It was the pupa of one of those magnificent very large all-white butterflies that enchants us whenever one passes by. Alas, that us gringos refer to it as the Kleenex-butterfly but then it DOES look like a flying Kleenex.

But the point of this Sundry Thing, is how gentle, and sorry he was for destroying it.

Quietly, to myself, I also simply lament the systematic destruction of this overgrown weed-tree patch that is our backyard. It had been abandoned for 18 years when we bought it, and remained almost untouched since we moved here in 2004. But now, we are slowly cutting it back--almost by 1/3 at least by now -- and replanting it with very desirable trees. We thin out the weed trees, leaving just enough to shade the newly planted ones, so all is not clear-cut.

My quiet concern is that all this time, I have enjoyed the utter wildness of this untamed over/undergrowth.... so filled with chattering birds, home to so many fluttering butterflies, refuge of small animals cruising by.

What becomes of the wild flutterers, and the ground creepers? Said Omar to me, in response to this question, "Oh, they'll just go somewhere else." but extinct is where they go in the end.

Slowly but surely, as the village population grows and as tourism grows, all these patches are being cleared... Where will the Dios Mio bird flee to? That is my name for a very surprisingly large, remarkable woodpecker, that is also quite shy. Because of the now-extinct "Oh My God" woodpecker (Ivory-billed Woodpecker, destroyed by development in the southern US), I named this bird similarly. Where WILL it go?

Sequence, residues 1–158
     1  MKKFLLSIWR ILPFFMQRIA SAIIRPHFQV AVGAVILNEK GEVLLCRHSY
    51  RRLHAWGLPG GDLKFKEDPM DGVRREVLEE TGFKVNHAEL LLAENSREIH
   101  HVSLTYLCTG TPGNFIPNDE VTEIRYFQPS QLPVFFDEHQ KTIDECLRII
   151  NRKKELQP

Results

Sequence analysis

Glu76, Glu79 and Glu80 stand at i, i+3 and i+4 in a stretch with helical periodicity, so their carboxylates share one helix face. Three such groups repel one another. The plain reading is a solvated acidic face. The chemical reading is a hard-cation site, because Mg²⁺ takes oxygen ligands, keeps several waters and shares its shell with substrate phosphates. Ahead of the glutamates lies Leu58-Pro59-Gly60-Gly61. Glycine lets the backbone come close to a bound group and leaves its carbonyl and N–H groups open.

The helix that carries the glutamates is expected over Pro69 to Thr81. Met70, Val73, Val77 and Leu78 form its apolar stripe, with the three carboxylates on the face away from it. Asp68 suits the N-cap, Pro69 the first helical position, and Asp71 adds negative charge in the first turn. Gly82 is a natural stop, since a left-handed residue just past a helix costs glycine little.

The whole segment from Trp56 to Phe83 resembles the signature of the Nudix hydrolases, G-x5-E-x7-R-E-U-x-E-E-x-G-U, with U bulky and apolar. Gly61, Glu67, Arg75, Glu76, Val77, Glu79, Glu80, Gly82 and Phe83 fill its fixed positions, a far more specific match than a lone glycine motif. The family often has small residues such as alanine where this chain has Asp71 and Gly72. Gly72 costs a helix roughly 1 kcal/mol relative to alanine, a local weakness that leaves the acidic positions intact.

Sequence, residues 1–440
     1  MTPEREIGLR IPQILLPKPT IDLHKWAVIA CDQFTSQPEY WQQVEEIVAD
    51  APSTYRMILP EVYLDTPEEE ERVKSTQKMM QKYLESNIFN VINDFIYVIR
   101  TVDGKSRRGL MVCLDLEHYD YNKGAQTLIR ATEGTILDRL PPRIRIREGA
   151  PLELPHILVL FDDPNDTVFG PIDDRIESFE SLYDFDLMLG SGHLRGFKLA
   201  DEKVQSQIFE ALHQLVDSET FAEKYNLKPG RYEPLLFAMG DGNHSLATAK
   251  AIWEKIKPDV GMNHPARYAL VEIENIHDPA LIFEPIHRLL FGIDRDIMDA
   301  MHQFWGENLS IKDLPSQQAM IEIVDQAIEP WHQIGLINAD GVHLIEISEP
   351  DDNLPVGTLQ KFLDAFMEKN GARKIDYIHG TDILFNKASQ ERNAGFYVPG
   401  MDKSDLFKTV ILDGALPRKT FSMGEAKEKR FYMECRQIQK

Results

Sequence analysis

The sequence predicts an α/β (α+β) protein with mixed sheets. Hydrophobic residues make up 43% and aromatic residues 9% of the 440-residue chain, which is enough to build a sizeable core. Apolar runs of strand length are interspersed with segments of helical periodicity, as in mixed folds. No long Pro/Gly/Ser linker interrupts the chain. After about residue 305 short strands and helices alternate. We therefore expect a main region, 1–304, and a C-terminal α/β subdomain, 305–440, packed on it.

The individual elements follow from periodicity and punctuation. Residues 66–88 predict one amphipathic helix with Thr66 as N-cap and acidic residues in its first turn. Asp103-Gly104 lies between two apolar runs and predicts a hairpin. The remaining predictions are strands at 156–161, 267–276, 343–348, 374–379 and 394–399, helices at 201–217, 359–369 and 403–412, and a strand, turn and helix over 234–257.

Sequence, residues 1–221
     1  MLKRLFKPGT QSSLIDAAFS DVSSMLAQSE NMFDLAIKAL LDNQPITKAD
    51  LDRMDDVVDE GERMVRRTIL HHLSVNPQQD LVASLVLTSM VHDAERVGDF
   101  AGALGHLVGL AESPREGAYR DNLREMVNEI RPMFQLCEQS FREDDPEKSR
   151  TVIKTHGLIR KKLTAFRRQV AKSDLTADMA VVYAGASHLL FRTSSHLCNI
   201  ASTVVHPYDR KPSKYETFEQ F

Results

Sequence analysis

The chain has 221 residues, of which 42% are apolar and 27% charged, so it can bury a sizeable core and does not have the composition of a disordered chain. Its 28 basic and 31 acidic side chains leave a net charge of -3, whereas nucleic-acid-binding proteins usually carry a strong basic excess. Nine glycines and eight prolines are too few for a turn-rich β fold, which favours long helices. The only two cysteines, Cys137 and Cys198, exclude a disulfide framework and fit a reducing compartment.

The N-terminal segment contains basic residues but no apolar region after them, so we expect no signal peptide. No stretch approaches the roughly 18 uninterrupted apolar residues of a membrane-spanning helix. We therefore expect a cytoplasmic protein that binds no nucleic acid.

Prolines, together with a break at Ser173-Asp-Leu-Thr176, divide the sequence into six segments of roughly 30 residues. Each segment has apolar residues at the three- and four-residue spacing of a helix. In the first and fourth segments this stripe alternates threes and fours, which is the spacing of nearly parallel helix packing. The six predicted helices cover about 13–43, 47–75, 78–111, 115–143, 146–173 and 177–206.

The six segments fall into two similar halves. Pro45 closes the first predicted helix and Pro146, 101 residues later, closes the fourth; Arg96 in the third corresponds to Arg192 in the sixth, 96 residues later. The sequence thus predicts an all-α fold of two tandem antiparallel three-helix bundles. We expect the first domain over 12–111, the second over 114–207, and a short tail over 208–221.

I had this playful email conversation with a friend who lives in Panama (and previously Costa Rica) about what the roosters say! After all, we each live among them, and they are very present in our lives. So, among the many things I hear, one thing is an insistent "Happy BIRTHday!!" My friend mentioned that where he lives, among many things, is an insistent "Put the drink DOWN!!"

So I asked Guille if the locals heard words amid the rooster-squawks. Why yes, they do, he reported with a grin. "Levanta-te YA!!" (getyourselfUP!!) and "Estare-durMIda!" (I was SLEEPing!").

What do YOUR roosters say!


Oh never mind. Who wants to talk about four hours of really bad (excruciating?? I wouldn't know personally but it sure looks like it is excruciating) pain? Instead, let me end this whimsy with....